Family Health History

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Family Health History

Family Health History

Family Health History

Whenever you visit a new healthcare provider for the first time, they are likely to ask you about your own history of diseases and conditions as well as the ones that run in your family.

You may know the specifics—that your grandmother died of a coronary or your uncle had prostate cancer—but family medical history is often shrouded in mystery and vagueness. You may have heard that your Aunt Colleen died of “female troubles,” but what does that mean? And what information should you give to your healthcare provider?


Learning your family’s health history can help you discover your risk for diseases that occur in your family at a higher rate than average. These diseases and disorders may be genetic or they may be a result of environment and lifestyle. For example, children raised by parents who smoke are much more likely to become smokers themselves.

Armed with a record of the illnesses suffered by your parents, grandparents and other blood relatives, you can share it with your doctor to help identify the disorders to which you may be at risk. You can also share it with other members of your family so that everyone is informed.

For example, after evaluating your family health information, your healthcare provider may recommend more frequent screenings, such as mammograms, colonoscopies or PSA tests. She might also recommend lifestyle changes to help offset your family history, such as quitting smoking, cutting back on salt intake, or getting regular exercise. Most important, it can help your doctor spot early warning signs of disease.

Family health history is also important if you’re planning to start a family. By learning of any genetic disorders or predispositions that may run in your family or your partner’s, you can be better equipped to protect yourself and your future offspring.


The best way to learn your family’s health history is by talking to your relatives. Ask if they have any information about health conditions and causes of death of other family members. Start with your parents, brothers and sisters. Include those of your spouse if you’re creating a record to be passed down to the next generation. Next, talk to or ask about more distant relatives, such as grandparents, grandchildren, aunts and uncles, cousins, nieces and nephews. Don’t forget to include half-brothers and half-sisters.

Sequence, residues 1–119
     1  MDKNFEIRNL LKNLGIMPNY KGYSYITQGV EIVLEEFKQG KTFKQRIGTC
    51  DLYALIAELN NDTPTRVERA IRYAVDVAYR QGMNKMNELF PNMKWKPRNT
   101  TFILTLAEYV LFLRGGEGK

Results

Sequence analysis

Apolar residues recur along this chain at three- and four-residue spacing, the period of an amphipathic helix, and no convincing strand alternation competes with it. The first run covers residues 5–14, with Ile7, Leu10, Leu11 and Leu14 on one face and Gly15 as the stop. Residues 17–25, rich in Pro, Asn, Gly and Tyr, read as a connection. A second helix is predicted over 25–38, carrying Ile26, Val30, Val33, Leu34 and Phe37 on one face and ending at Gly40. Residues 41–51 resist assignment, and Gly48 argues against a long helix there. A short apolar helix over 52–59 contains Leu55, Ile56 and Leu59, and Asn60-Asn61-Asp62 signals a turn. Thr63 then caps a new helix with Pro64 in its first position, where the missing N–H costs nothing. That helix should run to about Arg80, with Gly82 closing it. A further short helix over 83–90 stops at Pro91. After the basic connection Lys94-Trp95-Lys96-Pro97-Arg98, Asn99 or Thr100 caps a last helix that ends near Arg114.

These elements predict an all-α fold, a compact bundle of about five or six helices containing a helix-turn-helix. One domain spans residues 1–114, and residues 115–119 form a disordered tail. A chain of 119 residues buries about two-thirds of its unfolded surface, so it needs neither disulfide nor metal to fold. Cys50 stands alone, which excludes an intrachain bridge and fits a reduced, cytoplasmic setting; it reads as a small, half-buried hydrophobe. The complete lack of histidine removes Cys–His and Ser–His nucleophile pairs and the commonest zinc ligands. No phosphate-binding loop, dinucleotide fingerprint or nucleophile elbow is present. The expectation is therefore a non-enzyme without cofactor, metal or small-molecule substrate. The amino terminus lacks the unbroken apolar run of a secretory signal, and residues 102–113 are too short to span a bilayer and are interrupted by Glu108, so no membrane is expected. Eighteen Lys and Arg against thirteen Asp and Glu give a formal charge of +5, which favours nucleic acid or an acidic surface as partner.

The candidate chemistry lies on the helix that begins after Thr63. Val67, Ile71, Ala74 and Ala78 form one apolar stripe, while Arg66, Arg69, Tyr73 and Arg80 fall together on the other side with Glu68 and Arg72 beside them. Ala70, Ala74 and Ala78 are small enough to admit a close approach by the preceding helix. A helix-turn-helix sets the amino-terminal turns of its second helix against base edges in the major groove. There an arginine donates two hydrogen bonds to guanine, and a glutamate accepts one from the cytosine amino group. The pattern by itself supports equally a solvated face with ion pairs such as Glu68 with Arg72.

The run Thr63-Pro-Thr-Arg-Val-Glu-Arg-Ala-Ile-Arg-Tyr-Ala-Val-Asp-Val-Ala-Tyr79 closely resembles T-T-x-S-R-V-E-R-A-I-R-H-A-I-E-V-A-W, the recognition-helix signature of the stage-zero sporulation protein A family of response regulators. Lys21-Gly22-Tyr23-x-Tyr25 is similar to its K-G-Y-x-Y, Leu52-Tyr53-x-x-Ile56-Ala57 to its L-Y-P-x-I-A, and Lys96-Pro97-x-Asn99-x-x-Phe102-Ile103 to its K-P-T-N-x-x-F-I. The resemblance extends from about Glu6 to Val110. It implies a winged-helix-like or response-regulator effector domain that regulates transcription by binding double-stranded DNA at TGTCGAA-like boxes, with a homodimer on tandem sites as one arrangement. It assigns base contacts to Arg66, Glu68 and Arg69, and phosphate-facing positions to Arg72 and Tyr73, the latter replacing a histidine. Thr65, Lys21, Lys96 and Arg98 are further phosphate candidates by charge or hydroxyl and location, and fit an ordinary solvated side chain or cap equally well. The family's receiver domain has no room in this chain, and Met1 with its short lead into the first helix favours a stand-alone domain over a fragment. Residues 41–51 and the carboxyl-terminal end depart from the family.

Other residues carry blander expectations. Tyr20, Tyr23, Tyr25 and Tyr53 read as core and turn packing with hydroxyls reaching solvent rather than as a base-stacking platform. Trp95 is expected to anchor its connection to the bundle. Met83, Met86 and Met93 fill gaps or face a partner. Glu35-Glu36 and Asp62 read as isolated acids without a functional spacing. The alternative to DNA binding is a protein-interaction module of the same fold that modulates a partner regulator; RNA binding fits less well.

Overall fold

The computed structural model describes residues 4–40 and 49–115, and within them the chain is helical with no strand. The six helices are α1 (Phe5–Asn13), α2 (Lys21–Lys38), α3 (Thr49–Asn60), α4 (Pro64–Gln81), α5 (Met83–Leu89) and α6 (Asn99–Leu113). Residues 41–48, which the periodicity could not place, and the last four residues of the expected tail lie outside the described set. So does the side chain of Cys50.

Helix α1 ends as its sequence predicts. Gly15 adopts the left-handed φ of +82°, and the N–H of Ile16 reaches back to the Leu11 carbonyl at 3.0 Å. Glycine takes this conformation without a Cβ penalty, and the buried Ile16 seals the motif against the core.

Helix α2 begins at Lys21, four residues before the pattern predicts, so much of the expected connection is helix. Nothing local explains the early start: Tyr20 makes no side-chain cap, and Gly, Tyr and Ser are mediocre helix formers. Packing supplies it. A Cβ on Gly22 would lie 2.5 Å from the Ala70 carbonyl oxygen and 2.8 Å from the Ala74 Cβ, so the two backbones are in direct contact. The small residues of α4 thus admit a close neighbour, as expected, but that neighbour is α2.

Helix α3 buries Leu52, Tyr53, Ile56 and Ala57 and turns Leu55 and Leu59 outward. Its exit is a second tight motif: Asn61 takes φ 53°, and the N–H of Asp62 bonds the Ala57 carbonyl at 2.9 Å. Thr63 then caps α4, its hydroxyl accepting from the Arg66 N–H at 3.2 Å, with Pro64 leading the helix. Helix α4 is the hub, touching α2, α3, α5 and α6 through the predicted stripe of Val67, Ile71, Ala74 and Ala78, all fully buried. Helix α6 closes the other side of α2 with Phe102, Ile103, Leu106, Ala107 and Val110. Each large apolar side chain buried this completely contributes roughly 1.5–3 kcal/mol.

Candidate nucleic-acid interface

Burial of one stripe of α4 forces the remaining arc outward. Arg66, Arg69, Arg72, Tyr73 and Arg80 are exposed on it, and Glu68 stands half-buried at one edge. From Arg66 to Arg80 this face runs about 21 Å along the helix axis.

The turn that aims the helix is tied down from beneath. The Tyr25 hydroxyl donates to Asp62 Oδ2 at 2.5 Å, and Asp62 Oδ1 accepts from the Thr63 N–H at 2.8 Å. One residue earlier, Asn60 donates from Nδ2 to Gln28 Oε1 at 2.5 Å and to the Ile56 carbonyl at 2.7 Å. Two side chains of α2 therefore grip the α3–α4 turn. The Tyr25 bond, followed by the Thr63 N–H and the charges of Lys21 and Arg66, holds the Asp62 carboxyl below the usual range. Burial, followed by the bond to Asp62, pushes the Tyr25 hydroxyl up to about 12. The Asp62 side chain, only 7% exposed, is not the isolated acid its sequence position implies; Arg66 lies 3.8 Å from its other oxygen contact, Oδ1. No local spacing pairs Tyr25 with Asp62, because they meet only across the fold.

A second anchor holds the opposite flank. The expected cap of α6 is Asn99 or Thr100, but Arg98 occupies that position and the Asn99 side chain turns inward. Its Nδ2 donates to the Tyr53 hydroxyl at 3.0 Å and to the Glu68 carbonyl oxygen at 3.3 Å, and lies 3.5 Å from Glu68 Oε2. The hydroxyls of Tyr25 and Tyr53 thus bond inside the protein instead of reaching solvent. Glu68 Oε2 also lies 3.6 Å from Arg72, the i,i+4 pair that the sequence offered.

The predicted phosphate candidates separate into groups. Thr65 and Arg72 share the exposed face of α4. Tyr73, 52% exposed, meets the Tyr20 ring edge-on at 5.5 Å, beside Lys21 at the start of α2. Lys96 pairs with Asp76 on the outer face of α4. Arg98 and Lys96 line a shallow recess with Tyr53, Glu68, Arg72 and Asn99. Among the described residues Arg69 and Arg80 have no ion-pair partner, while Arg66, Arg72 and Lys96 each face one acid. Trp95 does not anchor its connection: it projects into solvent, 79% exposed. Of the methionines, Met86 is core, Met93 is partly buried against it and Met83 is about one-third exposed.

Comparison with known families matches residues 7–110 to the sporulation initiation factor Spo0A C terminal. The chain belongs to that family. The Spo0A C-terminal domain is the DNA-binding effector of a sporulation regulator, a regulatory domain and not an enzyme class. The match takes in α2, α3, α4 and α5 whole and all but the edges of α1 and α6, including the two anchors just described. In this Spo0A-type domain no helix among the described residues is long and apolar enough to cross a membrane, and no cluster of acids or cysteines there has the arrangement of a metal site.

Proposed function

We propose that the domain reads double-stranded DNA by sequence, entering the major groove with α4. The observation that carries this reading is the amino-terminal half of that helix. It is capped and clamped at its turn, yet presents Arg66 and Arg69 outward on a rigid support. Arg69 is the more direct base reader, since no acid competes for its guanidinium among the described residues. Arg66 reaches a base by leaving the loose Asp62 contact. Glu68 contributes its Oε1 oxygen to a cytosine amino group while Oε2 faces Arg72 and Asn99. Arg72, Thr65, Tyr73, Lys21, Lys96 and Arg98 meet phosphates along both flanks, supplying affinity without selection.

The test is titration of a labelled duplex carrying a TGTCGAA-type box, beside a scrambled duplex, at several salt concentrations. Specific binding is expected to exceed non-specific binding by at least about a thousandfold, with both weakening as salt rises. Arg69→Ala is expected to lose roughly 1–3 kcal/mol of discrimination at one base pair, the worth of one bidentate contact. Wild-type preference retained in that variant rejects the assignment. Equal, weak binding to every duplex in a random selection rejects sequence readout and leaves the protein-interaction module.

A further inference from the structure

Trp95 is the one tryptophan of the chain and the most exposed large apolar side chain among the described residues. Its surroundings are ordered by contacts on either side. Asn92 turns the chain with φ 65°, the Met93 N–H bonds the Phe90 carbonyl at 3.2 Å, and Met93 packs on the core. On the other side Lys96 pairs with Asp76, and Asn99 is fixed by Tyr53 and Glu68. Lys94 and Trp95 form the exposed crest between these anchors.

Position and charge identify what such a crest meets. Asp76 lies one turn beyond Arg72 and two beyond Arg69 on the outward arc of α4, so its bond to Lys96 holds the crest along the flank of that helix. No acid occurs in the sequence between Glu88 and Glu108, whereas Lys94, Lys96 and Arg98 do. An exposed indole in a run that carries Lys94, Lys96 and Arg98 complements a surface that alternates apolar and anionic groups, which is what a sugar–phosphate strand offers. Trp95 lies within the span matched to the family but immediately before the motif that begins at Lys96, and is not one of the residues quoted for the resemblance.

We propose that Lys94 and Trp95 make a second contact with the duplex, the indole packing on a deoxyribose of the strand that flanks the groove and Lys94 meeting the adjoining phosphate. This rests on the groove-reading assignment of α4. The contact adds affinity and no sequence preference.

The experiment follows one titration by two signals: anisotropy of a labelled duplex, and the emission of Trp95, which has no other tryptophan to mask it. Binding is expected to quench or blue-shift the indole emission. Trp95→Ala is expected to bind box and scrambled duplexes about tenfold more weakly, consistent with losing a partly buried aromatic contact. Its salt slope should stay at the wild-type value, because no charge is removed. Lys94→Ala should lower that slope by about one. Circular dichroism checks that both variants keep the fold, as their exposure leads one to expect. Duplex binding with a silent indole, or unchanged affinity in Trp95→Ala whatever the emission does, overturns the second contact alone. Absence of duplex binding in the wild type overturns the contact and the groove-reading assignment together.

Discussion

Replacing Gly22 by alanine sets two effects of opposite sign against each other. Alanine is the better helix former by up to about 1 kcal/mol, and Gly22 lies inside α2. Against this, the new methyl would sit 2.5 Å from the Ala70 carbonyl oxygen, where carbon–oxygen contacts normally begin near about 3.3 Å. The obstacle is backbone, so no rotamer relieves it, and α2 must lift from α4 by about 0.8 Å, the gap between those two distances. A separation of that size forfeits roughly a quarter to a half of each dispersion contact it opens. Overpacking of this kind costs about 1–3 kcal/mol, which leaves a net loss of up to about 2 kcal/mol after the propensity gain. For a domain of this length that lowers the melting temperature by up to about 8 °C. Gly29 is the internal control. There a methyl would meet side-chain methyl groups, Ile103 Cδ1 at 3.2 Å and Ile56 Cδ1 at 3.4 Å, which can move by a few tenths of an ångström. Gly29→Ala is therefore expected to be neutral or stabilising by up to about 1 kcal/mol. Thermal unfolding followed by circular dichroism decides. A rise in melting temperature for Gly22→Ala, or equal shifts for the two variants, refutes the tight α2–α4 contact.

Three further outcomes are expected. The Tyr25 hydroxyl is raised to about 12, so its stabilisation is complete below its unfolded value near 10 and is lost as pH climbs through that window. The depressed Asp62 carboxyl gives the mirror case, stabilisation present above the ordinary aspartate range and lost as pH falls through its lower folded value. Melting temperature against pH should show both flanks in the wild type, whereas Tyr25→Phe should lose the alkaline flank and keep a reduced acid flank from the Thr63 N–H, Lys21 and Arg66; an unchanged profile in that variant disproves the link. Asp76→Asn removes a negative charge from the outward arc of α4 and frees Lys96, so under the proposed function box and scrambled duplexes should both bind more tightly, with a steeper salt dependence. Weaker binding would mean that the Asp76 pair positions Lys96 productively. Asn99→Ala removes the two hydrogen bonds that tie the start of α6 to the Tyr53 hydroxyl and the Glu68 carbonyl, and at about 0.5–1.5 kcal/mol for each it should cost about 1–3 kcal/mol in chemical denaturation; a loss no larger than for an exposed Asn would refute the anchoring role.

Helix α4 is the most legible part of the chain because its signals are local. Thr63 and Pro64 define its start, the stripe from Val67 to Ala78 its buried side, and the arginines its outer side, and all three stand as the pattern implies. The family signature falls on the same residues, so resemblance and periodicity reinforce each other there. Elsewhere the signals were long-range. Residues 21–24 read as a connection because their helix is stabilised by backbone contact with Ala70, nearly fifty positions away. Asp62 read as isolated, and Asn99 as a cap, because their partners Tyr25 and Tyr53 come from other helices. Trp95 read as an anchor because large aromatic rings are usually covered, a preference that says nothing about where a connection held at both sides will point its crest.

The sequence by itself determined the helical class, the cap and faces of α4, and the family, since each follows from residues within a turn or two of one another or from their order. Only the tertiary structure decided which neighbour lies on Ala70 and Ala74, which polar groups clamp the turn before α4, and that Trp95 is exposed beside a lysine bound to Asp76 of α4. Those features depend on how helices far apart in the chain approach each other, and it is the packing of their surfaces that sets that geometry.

If talking to your relatives doesn’t fill in all the gaps, you can often learn the cause of death of relatives by reading their obituary or obtaining a death certificate from the department of public records in your state. Even if the information you gather is incomplete, whatever you learn can be useful. Be sure to include your own health information in your notes.


Record the following information for each member of your immediate and extended family.

  • full name (including maiden and married names, if applicable)
  • gender
  • year of birth and age (or year of death)
  • ethnicity
  • major medical conditions and when each one developed (especially before age 60)
  • related lifestyle issues (such as alcoholism or work environment)

You can input the information into a secure online tool, such as the CDC’s My Family Health Portrait or just make notes in a notebook or digital device. Keep your record in a safe place and update it regularly.

You might want to share your information with other close relatives, such as children or siblings, or any family members who helped you compile it. Just be sure the information can be encrypted or password-protected, and don’t share it without such safeguards. While confidentiality is important, even within families, health history shouldn’t be kept a secret from those who are affected.


If you discover that a certain disease has occurred in several close relatives, speak to your doctor. While a family history may reveal certain tendencies, it pays to remember that just because a disease runs in your family doesn’t mean that you will develop it too.

When sharing the information with your doctor, talk over any actions you might take to protect your health. He or she may recommend that you:

  • Undergo genetic testing to learn more about your risks (your doctor can refer you to a specialist).
  • Make lifestyle changes or start a treatment program to reduce your risk of developing a condition that’s common in your family.
  • Get more regular check-ups or screenings for the indicated health conditions.
  • Consider early intervention or preventive measures for the conditions that cause you concern.

Becoming more aware of the traits and predispositions for health conditions that run in your family can not only guide you in making healthy environment and lifestyle choices, it can also help your doctor provide better care for you.

Work Cited

“Family Health History for Patients and Families.” National Human Genome Research Institute. Last updated: October 6, 2020.

“Family Health History: The Basics.” Centers for Disease Control and Prevention. Page last reviewed October 3, 2019.

“Family Medical History.” HealthDirect. The Australian Government Department of Health. Page last reviewed June 2019.

“My Family Health Portrait: A Tool from the Surgeon General.” Public Health Genomics Database. Centers for Disease Control and Prevention. Page last updated May 1, 2020.

“Why is it important to know my family history?” Medline Plus. U.S. National Library of Medicine.

# Tags:
Health History, Mens Health, Prevention, Women’s Health
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